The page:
Chuck Close, asked where he got his inspiration for all his artwork, notoriously made the bold statement, “Inspiration is for amateurs.”
It’s become a favorite mantra of mine. Working in the creative industry, it’s something I believe in deeply. Marketing professionals are paid to bring it creatively every single day, whether they’re feeling inspired or totally crappy. We all have bad days. We have to come to work and crank out something quality anyway. And time after time, we do.
So forget inspiration. Creative professionals don’t need it, and neither do you. Here are my five favorite ways to stop waiting for inspiration and get right down to it.
1. Get something on the page. Anything.
Many a writer has felt the Fear of the Blank Page. So don’t deal with a blank page. Just get out whatever you’ve got for now, whether it’s the last line, a key part of the middle, a fantastic quote. I’ve even typed out my inner monologue just to get my fingers moving—“So what’s the point of this stupid thing anyway? I want to talk about how you don’t need inspiration to do good work.” Once you get started, it’s surprising how quickly it transitions into real content.
2. Execute an emergency flash brainstorm session.
Set a timer for five minutes. Ready? Okay, go! Consider the project or problem in front of you and don’t stop writing down ideas for it until the timer dings. No judgment, no editor, just write down every single one. When you’re done, you’ll have a nice long list of options in front of you. Review it, pick out your favorites, and move on forward.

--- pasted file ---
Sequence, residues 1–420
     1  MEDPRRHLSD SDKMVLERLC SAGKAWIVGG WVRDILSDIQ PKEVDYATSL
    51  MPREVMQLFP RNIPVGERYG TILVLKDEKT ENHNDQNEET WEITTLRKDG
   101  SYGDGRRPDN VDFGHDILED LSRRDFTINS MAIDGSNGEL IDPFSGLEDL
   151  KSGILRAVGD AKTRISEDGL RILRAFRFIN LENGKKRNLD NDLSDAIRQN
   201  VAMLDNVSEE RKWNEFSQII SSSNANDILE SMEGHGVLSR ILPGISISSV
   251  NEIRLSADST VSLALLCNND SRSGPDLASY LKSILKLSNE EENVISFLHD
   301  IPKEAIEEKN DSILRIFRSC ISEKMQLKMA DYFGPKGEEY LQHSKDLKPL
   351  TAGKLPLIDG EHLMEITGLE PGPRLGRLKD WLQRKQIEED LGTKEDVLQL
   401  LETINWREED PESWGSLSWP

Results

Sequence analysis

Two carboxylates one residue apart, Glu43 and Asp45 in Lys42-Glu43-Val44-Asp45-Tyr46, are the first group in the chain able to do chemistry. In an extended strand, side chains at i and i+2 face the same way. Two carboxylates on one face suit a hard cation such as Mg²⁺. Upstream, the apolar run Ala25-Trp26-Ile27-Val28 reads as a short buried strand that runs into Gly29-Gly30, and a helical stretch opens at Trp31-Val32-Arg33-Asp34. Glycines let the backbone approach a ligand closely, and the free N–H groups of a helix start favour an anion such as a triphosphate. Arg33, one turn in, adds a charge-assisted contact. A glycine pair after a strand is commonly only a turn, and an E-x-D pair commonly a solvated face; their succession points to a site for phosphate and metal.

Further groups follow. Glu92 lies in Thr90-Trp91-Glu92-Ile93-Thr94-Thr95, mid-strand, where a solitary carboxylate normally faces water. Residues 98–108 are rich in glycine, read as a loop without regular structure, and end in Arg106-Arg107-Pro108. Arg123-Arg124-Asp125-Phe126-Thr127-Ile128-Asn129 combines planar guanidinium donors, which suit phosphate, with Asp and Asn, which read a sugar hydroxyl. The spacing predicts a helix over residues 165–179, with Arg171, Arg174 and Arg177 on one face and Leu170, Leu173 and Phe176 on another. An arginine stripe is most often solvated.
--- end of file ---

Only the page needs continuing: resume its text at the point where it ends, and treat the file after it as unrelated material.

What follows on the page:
3. Write a step-by-step to-do list.
Break your task into its units. Got an article due on Friday? Okay. 1) Research the topic. 2) Identify experts in the field. 3) Get interviews. 4) Outline. 5) Write article. 6) Proof draft. So you don’t really need to be inspired right now. You just need to start collecting information on the topic. Easy enough right? I’ve coaxed myself through countless projects using this method.
4. Race the clock.
I sometimes get a feeling of dread associated with projects I’m not inspired by. Sometimes they’re just so boring. So fine, I tell myself, I will just get it done as fast as I can and then it’ll be over, and I can get back to more fun things. I promise myself I’ll get it done in the next two hours (or a piece of it, if it’s a larger project). That’s enough motivation for me to start going through the motions, knowing that at least it will be over soon. And nine times out of 10, 30 minutes in, the dread has melted away and I feel invested in the project. Even better, I almost always also manage to complete the task in the time allotted, which is pretty satisfying.
5. Give your mind a break.
Sometimes the brain just needs a little space, some time with the pressure off. Focus on something else for a little bit and come back to it. You may come up with a new idea for the project once you step back. At the least you’ll get some creative juices pumping so you go into it with some momentum.